At certain points, one member of staff was visibly ‘stressed’, clearly under pressure and as a result pretty aloof when serving customers. By our third night, all of this had changed. Members of staff we recognised from the year before had reappeared.  The Food and Beverage Manager served us our last meal – he was excellent – it was just a shame he was not present to observe service the previous two nights. In fact I would argue that there was a visible lack of presence of management throughout our first two days at the Elms – I do not recall seeing the General Manager during our whole stay. At one of the busiest times of year, you would expect a hotel to be fully staffed from the top down. I felt as though we were short changed – especially on Boxing Day. If the Elms want to offer a sub standard service on Boxing Day, they should reduce the price to reflect that fact.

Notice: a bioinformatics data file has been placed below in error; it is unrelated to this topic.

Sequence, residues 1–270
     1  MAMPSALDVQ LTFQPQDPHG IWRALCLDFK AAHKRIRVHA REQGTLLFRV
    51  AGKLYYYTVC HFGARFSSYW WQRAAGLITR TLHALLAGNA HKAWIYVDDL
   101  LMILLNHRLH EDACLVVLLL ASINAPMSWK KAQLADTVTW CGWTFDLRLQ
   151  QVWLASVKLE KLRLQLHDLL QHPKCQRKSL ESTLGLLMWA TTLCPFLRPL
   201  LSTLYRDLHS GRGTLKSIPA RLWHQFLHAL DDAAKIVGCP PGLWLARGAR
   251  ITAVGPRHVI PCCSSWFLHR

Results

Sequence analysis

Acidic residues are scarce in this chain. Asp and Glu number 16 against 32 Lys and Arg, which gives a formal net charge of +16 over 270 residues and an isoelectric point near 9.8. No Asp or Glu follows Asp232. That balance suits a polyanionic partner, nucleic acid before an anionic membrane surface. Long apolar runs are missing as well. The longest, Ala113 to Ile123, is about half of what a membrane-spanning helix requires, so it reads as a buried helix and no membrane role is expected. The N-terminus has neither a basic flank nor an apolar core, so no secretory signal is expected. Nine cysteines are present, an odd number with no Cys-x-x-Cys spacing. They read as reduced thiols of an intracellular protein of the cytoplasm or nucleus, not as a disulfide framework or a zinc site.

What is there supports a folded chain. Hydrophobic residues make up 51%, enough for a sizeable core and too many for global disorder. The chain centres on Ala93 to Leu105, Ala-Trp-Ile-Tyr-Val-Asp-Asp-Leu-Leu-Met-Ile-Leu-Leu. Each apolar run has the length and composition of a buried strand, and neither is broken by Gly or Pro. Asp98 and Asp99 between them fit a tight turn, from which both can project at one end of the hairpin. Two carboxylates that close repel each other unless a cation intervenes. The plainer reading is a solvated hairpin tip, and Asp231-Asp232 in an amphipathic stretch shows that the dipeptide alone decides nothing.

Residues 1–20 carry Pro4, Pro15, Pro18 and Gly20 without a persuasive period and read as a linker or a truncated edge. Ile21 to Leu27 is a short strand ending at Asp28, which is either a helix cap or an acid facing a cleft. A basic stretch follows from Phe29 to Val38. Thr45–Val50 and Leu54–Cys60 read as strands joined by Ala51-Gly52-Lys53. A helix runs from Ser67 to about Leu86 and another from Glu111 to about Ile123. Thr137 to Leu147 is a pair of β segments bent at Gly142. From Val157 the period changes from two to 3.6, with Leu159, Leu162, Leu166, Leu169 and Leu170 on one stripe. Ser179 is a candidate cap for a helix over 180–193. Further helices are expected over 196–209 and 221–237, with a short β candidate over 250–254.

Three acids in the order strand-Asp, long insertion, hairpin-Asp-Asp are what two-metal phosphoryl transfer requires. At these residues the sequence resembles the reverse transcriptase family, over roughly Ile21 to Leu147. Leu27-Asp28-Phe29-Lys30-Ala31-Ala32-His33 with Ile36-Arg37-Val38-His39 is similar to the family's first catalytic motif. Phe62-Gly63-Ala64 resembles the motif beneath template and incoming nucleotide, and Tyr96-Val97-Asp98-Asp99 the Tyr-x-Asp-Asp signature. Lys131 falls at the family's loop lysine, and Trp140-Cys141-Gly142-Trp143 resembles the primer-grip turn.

All that being said, it is important to point out that that the Elms staff are very nice people. By our third day we finally felt as though we were being looked after. It is this fact that has prevented me from awarding a lower score.

Value – CX Review Score 5/10

The Elms is part of the Luxury Family Hotels group. When you see the word ‘luxury’, you automatically expect it to come at a price to match. It is therefore true to say that the Elms is not a cheap holiday option. It is a beautiful hotel in an idyllic location with amazing facilities. If you are prepared to pay for luxury, it is not unreasonable to expect the experience to match the price tag. That means at a very minimum the basics must be delivered. Luxury does not equal a non working radiator. Luxury does not equal broken light bulbs. Luxury does not equal a stale roll being used for a lunchtime sandwich. Luxury does not equal a customer having to constantly badger staff to find out what they are able to eat. All of these things were experienced by us in our stay at the Elms.